Last weekend, the fourth in Malawi, I happened to find myself back at Cape Maclear…I hadn’t been sure I would make it back at all, let alone so soon! This time I was with a group of other expats from Zomba and it was really a fun weekend. We stayed at a lodge down the beach from where I had been the first time and I read a whole book while laying in the sun, taking swim breaks and chatting with new friends. We did a boat cruise as well, at sunset, and danced to fun songs in the evening. It was nice to get to know some people living here and to feel like I am making friends!

 

I hate when I let myself fall away from blogging….it always means that when I get back to it, we end up with these long winded catch-up posts that don’t have a particular topic. I think one of the reasons I have been so hesitant to share my time here is that I am trying to be mindful of jumping to assumptions or sharing things I don’t actually know much about. Honestly, I just don’t want to appear whiney either, or ungrateful for the opportunity to be here, or like I can’t handle development work because I am lonely and don’t like not having electricity. And the truth is, I really have been fine, even when I miss Ottawa or wish I was eating a meal that doesn’t involve rice. 1528050334609

I still haven’t found quite comfortably how to be honest about my experiences and share them but also not being dramatic or making things out to be different than they actually are. Where is the line between being critical and being condescending? How do I allow myself to be curious and process my lack of knowledge without spreading ignorance?

Over the next couple weeks (once Skype interviews for co-op are over, fingers crossed!) I’m hoping to write some more specific posts, about things I’ve done or things I am learning. I would love to know what people want to hear more about. Are you interested in more development minded posts, analyzing things are the same or different from what I have been taught in school? Or in more travel focused posts, about my weekend adventures and the beauty and culture of the country? Or stories about my life here, like my show down with the rat who has decided to share my room? Something else? Let me know!

Until next time, Sam

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Beautiful view from the boat

I want to tell authentic stories

Ask anyone who knows me – I like to talk. Specifically, I like to tell stories. I try to keep them honest, to recount them the way they actually happened as best as I can. Sometimes I tell it in a dramatic or funny way but I keep it real. And isn’t that what a storyteller is? Someone who relays the facts without distorting them but also without boring people?

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The thing is, stories are how we relate to people. It’s how we share bits of our lives, parts of who we are. It’s a way to see that we aren’t alone in the world, a way to let people in, a way to be vulnerable. Sure, sometimes telling my friends about my crazy professor or my long drawn out adventure across campus to get a form signed may not seem like a vulnerable thing but it’s all part of the continual process of letting people in, of learning to relate to others and of learning how to confidently portray who we are.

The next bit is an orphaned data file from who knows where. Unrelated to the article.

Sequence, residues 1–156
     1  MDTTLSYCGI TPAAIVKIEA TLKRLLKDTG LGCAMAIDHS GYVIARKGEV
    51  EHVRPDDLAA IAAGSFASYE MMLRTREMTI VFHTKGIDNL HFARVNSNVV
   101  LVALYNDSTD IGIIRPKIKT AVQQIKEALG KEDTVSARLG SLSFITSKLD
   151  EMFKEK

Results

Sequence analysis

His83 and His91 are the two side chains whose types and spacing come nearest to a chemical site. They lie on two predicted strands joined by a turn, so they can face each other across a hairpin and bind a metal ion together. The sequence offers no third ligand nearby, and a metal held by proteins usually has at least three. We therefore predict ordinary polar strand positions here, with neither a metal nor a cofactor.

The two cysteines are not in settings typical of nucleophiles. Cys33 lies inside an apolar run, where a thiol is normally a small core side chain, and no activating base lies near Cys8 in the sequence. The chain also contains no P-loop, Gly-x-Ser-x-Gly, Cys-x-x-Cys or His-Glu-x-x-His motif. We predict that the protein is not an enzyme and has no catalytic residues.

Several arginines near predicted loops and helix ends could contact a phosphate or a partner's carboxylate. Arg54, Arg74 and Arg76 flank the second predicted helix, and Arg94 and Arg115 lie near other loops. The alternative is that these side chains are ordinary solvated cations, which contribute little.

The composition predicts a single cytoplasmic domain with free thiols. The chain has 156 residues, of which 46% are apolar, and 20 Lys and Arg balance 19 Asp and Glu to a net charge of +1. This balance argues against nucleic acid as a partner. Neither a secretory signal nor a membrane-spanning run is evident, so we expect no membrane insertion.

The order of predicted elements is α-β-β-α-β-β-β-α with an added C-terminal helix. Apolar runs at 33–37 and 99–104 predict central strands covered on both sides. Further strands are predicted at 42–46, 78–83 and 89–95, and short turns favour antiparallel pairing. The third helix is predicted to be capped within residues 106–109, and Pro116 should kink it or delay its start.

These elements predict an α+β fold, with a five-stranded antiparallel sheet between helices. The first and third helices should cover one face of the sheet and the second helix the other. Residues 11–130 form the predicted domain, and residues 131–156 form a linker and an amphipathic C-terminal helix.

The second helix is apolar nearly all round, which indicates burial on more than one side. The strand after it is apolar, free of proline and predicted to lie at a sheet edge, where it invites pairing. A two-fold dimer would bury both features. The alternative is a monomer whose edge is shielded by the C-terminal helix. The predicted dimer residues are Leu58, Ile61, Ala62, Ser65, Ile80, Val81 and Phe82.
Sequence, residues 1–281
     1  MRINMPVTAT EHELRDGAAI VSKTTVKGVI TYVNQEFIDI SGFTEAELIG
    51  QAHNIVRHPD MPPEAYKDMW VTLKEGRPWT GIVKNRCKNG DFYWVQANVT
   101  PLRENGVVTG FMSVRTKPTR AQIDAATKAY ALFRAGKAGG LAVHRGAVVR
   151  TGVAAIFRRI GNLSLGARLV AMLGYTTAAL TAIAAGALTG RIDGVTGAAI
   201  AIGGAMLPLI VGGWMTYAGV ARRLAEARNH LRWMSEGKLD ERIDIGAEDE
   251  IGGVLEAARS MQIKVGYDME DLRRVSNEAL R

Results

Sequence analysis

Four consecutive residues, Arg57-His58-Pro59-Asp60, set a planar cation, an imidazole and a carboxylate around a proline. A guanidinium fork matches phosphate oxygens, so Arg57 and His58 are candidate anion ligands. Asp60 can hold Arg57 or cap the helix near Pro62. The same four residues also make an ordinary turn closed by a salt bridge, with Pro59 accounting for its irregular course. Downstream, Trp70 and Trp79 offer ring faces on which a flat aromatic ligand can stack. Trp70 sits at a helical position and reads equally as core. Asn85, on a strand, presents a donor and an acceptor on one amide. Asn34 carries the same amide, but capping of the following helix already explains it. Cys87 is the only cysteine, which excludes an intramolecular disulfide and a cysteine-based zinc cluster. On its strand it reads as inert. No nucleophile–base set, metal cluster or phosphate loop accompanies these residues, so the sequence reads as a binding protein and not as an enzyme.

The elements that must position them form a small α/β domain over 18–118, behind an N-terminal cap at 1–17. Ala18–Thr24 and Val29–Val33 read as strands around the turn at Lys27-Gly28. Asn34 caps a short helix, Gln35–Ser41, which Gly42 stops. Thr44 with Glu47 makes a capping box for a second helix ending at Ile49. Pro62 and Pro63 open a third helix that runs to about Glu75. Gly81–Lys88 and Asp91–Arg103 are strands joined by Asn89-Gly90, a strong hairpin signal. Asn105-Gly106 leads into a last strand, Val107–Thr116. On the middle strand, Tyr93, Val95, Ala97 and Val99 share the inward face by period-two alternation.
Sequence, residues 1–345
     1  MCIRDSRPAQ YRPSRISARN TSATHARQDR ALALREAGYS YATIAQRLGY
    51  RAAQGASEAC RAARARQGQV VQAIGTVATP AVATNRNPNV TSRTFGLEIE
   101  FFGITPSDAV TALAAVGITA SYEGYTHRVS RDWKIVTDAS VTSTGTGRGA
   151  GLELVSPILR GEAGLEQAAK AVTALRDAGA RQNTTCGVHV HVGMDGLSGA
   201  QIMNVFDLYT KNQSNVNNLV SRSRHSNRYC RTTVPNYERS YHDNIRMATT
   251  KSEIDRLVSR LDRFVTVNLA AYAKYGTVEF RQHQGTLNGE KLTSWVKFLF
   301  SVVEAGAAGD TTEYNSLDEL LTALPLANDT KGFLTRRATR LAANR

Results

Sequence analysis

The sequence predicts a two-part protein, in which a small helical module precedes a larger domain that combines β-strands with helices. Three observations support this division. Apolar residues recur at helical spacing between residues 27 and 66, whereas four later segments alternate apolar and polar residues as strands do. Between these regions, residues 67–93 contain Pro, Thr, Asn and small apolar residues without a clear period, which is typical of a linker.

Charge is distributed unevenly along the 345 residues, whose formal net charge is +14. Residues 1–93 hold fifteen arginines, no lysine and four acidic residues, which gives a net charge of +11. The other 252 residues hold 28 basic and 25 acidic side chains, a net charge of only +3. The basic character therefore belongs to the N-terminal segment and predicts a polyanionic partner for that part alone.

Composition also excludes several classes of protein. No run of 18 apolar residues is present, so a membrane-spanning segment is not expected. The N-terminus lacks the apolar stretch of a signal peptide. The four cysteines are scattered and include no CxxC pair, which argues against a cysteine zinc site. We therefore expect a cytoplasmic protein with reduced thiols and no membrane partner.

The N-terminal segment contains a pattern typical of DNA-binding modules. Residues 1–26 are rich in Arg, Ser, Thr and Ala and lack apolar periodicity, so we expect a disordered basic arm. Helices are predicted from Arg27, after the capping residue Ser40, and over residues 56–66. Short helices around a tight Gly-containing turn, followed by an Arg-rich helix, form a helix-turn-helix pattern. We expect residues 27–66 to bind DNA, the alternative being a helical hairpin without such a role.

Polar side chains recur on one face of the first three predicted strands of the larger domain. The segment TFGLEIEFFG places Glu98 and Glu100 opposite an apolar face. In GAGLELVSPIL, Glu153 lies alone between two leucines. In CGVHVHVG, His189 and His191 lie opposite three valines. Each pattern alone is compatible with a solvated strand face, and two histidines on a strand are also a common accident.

But what if I didn’t get to tell my own stories? What if they were always being told by observers who didn’t really understand me and who wanted the narrative to fit their own perception of who I am? They say that there are three sides to every story: your point of view, the other person’s point of view and the truth. What if the other person’s point of view was the only one to be told, always, in every circumstance? More importantly, what if their version of the story always portrayed you as weak, incompetent, destitute or worse?

That is the danger of a single story.

As many of you may know, this summer I will be interning in Malawi as part of pursuing my degree in International Development. I am so very excited to have gotten a position with Art and Global Health Centre Africa as a Youth Leadership Officer and I cannot wait to go and live and learn with people on the other side of the world, in a continent I have yet to visit. As part of the course uOttawa has associated with the internship program, I have to go through 30-50 hours of pre-departure training this semester. We usually meet on Saturday mornings and discuss how to ask yourself powerful questions about your internship, how to look at issues of power, privilege and intersectionality, what is means to build capacity in your host organization and other topics to help each of us make the most of this incredible experience while also being as respectful, helpful, humble and open-minded as possible. I am grateful to be part of a program that cares about the ethics behind working internationally in the Global South. And after a weekend of training with WUSC, CECI and Uniterra, I am also feeling pretty blessed and encouraged by the insightful, intelligent, passionate and thoughtful other interns who will be going to Malawi at the same time as me, as well as those who will be in other countries this summer. It is very inspiring to be in a room with people who share your passions.